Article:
California's laws on teacher tenure, layoffs and dismissals deprive students of their constitutional right to an education, a Los Angeles Superior Court judge ruled Tuesday.
The ruling is a serious defeat for teachers' unions that overturns several California laws that govern the way teachers are hired and fired.
The 16-page decision (attached below) may set off a slew of legal fights in California and other states, where many education reform advocates are eager to change similar laws.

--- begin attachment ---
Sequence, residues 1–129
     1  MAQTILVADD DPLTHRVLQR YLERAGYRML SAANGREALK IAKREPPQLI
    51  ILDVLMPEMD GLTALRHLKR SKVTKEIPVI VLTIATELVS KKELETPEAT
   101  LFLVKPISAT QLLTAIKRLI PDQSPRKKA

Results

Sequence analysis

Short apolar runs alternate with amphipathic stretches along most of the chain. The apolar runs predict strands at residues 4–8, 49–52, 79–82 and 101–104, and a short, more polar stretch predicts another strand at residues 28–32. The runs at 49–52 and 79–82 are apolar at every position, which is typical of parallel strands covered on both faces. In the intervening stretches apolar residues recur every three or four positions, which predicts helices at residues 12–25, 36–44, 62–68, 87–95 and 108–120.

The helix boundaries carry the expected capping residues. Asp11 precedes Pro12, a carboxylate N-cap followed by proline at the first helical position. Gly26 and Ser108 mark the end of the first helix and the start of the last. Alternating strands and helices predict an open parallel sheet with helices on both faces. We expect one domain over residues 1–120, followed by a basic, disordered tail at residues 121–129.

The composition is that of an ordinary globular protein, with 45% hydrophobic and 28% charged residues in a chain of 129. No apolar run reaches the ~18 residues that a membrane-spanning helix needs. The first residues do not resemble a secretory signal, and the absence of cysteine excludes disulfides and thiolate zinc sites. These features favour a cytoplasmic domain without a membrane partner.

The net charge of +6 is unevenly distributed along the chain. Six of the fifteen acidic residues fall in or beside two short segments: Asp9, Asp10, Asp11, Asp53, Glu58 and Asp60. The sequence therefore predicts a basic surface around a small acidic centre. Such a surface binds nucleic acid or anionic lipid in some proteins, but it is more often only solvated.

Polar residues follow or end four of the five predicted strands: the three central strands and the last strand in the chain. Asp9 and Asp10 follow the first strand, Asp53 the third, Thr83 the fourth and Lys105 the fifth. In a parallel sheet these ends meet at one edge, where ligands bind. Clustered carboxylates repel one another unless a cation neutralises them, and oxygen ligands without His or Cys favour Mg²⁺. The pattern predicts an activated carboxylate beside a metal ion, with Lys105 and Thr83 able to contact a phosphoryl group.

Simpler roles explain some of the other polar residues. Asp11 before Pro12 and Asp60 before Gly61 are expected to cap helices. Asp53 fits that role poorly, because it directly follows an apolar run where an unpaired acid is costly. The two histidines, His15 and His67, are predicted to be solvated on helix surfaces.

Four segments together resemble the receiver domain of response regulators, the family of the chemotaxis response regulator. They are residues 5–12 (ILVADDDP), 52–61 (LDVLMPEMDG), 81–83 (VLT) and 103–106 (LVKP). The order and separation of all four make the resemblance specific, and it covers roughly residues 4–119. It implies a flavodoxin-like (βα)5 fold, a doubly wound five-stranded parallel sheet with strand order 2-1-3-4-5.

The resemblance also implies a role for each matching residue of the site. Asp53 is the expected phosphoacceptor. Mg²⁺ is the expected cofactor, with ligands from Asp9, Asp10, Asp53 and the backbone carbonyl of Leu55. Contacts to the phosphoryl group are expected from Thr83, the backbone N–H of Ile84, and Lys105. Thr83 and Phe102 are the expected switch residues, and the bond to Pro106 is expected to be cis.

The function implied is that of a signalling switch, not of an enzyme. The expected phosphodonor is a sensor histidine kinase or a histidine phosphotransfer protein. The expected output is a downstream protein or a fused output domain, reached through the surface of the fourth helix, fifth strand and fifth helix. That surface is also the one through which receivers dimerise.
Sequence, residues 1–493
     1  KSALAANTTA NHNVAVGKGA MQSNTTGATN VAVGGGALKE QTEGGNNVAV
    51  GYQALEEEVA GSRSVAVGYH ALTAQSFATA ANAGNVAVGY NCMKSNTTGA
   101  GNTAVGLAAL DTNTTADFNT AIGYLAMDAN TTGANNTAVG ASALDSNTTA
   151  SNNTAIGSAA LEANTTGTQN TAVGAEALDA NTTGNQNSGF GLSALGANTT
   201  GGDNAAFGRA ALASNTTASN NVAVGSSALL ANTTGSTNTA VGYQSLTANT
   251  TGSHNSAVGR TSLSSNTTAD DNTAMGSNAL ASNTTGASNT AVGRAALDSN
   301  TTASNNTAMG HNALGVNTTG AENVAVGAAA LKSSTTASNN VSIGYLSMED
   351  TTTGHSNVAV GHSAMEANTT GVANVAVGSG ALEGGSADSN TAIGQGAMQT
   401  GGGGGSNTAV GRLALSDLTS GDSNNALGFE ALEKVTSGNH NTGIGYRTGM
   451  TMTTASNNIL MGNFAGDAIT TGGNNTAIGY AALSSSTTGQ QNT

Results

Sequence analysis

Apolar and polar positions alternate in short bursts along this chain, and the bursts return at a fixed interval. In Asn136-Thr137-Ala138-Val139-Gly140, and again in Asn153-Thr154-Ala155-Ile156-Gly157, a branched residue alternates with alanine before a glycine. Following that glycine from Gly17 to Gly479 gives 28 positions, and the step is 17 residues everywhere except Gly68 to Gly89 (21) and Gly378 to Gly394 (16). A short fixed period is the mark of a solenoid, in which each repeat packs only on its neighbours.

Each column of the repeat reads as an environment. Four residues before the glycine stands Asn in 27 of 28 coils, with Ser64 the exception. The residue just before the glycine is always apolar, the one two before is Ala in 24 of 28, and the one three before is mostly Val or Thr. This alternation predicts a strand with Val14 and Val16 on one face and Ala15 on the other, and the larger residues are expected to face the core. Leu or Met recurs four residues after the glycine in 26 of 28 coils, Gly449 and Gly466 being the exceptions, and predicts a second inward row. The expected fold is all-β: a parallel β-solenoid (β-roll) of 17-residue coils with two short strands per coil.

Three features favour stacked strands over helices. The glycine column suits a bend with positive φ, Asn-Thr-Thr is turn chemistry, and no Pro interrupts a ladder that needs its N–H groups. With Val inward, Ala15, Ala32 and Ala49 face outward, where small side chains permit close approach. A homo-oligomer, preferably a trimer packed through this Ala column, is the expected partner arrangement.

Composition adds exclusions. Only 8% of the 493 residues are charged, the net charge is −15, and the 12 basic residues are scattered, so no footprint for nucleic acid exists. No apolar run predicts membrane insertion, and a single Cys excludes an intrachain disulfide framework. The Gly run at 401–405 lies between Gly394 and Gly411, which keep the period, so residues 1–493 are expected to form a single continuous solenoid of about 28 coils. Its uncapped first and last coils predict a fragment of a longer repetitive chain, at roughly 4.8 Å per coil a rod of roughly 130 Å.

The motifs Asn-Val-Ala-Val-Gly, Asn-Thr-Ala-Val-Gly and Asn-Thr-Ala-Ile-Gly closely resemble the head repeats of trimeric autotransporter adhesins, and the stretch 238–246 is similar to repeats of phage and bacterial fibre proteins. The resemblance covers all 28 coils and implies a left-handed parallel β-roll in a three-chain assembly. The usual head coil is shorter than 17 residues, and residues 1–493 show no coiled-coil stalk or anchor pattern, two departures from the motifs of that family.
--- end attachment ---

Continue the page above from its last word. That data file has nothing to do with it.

"There is ... no dispute that there are a significant number of grossly ineffective teachers currently active in California classrooms," Judge Rolf M. Treu wrote. "Substantial evidence presented makes it clear to this court that the challenged statutes disproportionately affect poor and/or minority students.
"The evidence is compelling. Indeed, it shocks the conscience."
Enforcement of the much awaited ruling in Vergara v. California will be delayed pending an appeal by the lawsuit's defendants, the state and California's two major teachers unions.